SARA 1 “Jim Hewitt”

Delta 8mtr Rigid Inflatable (RIB) 

Stationed at Beachley
Crew 4
Engines 2 x  150hp outboard motors (fitted with post immersion restart to survive capsize)
Fuel Twin independent under deck fuel tanks
Comms 2 x ICOM Marine VHF Radios, AIS Transciever, Electronic direction finding equipment,
RADAR
Navigation GPS chart plotters,Compasses
Max Speed Approx 43 Knots
Search Duration Approx 5 hours
Cost £200,000 (2015)

Lifeboat SARA 1 is the largest and most technically equipped vessel within the Severn Area Rescue Association fleet and is housed at the Beachley lifeboat station under the old Severn bridge.

Based on a Delta eight meter hull that has been proven commercially world wide and
equipped to the specification developed by the crew from SARA Beachley, this craft is set to meet the challenges they face within their local environment and to satisfy the requirements of the recently introduced rescue boat code of practice.

SARA’s  crews experience working within the marine rescue environment of the upper reaches of the Bristol Channel and Severn estuary enabled the conception of a bespoke and unique vessel that should serve the communities that border these treacherous waters for many years to come.

Severn Rescue are hugely privileged to have taken delivery of such a vessel something that would not have been possible without the ongoing support of the local community, followers and  a significant grant from the department of transport, this level of investment has allowed a no compromise piece of hardware to be placed where it can  save lives upon the Severn and its tributaries.

Lifeboat SARA 1 was officially named Jim Hewitt in recognition of one of the organisations founding members and was presented to the community on the 17 October 2015.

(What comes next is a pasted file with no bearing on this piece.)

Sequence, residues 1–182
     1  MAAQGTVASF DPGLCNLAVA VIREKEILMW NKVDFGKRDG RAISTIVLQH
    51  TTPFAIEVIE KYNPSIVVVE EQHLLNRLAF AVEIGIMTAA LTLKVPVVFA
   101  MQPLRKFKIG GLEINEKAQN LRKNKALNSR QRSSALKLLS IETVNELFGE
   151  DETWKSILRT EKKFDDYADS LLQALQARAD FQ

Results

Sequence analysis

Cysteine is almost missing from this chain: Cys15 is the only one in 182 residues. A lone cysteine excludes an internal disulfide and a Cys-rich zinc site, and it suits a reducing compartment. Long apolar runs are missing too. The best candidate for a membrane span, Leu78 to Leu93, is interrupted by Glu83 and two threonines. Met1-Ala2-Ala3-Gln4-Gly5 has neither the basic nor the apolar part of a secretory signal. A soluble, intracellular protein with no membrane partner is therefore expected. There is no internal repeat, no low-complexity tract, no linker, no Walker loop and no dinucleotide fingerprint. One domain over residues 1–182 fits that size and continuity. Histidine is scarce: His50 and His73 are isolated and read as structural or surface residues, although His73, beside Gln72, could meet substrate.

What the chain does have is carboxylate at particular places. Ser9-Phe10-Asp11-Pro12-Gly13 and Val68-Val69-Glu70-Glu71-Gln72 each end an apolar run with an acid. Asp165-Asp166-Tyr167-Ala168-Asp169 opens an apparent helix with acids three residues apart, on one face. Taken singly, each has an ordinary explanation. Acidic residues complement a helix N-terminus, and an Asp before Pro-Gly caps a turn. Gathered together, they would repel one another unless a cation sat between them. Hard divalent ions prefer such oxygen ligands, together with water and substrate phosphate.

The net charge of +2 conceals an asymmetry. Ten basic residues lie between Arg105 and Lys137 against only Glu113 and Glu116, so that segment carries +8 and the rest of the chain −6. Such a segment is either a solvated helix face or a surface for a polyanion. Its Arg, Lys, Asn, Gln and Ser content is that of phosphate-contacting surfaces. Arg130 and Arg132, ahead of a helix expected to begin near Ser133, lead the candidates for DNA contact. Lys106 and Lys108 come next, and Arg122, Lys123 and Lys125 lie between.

Throughout its design stages the crew working with Delta were keen to implement systems that eliminated any single point of failure within critical systems and included technologies that enhance the safety of the vessel and cater for inclusion of systems to help Mariners in distress.

The vessel is crewed by 3 or 4 crew depending upon tasking and is Powered by two 150hp optimax outboard motors, the craft is capable of achieving approximately 43 knots under calm conditions and able to plane on one engine in the event of system failure.

Sufficient fuel is carried to allow approximately four hours duration at a nominal cruising speed or under search conditions and the inclusion of a ballast system allows improved stability and boat handling in rough conditions.

Due to the often challenging environment that is encountered within the estuary many improved electronic navigational aids help ensure the safety of the boat and crew especially in situations of reduced visibility.

The electronics carried on-board also allow for advances in technologies, reductions in price and availability place electronic safety measures such as EPIRBS, PLBs  and SARTS within the reach of many not just commercial operators and being able to detect these items can be key to a successful rescue.

The vessel can accommodate up to 6 survivors in addition to its crew, the placement of a stretcher can also  be achieved utilising the aft seat and  the improved layout provides enhanced casualty care.